All these years later, long after my first encounter of it with Joanna, I am still in awe of the experience of love and those who can stoke its flames in me. And while I have sometimes wished that I had had the courage to jump into the game of love at a much early age than I did, when I reflect on the circumstances of my much younger self, I’m inclined to think, all things considered, he probably made the right decision to hide and protect his secret treasure.

Rejection by Joanna or some other beloved in my adolescence would have been devastating, and it would have been at a time when I was ill equipped to deal with such devastation. I also doubt I would have been well-prepared or well-positioned to return love had it been on offer. It is no coincidence, I think, that I had my first meaningful relationship far from the environment in which I learned to control and conceal my emotions. Emotional vulnerability, which is a necessary prerequisite of love, really wasn’t an option for me so long as I was living with or in proximity to my parents and the world I had created to endure them.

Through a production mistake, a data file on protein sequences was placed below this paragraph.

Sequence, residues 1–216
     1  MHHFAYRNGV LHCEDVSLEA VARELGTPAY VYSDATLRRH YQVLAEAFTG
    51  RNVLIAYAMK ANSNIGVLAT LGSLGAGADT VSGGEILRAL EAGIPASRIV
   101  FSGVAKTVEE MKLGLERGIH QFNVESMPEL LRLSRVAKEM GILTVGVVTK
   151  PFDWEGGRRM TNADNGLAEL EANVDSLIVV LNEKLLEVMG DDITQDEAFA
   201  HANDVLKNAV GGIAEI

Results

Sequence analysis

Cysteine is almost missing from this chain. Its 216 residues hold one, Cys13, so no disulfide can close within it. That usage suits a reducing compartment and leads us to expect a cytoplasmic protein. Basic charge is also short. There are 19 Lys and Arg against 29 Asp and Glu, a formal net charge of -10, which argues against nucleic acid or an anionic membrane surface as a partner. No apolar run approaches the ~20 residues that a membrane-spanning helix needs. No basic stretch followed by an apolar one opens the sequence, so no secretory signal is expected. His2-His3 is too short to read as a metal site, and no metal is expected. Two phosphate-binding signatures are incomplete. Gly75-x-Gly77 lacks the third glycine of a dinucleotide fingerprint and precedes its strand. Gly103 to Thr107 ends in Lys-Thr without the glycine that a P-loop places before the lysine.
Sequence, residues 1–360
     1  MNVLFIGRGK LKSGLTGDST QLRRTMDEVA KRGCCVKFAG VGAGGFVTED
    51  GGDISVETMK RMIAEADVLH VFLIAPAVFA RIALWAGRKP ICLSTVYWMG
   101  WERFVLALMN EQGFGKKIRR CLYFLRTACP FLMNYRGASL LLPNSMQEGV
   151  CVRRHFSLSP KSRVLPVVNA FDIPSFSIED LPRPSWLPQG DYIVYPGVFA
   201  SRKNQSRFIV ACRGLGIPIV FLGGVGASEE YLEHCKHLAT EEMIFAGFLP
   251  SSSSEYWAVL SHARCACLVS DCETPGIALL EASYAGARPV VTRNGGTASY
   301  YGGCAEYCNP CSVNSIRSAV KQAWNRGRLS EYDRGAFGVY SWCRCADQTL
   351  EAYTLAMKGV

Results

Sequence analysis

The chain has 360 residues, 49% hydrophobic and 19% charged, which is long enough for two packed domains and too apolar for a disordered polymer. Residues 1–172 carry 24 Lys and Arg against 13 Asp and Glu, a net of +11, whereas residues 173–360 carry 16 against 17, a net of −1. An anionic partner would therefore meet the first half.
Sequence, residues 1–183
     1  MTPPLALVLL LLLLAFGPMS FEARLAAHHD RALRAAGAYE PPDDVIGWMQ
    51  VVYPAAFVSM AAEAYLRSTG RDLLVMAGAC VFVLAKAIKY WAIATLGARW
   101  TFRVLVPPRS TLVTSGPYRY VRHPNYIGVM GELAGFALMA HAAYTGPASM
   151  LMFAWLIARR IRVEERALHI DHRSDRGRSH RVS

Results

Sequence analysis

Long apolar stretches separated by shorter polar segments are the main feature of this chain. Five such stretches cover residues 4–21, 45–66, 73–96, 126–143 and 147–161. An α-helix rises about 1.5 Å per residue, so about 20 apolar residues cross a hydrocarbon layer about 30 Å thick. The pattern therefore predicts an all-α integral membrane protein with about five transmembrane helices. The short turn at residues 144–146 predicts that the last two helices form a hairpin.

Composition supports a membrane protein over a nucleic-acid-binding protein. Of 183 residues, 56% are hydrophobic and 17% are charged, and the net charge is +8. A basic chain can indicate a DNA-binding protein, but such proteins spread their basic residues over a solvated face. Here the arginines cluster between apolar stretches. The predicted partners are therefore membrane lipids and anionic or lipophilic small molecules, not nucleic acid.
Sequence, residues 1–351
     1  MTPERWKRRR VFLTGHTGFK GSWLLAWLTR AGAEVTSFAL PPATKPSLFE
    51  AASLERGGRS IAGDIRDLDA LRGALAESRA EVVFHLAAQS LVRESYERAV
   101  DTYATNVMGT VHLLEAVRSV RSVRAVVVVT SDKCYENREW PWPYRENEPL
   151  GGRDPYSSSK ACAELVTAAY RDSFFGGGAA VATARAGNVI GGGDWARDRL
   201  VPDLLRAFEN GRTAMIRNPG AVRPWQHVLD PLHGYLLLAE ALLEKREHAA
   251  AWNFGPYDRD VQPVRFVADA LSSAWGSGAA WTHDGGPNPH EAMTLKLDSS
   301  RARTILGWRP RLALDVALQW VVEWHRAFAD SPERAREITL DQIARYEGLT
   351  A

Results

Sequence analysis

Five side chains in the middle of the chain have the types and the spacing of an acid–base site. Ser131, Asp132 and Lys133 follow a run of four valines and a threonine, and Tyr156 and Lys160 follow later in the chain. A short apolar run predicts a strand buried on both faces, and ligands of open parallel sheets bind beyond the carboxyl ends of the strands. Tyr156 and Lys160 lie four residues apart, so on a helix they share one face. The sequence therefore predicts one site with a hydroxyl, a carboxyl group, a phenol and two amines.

I also think it’s fair to say that my first relationship was far more successful than it otherwise might have been simply because my brain was much more developed. The human brain, we are discovering, continues to grow and develop for far longer than we had originally thought. A brain today is considered adolescent until “an individual attains a stable, independent role in society.”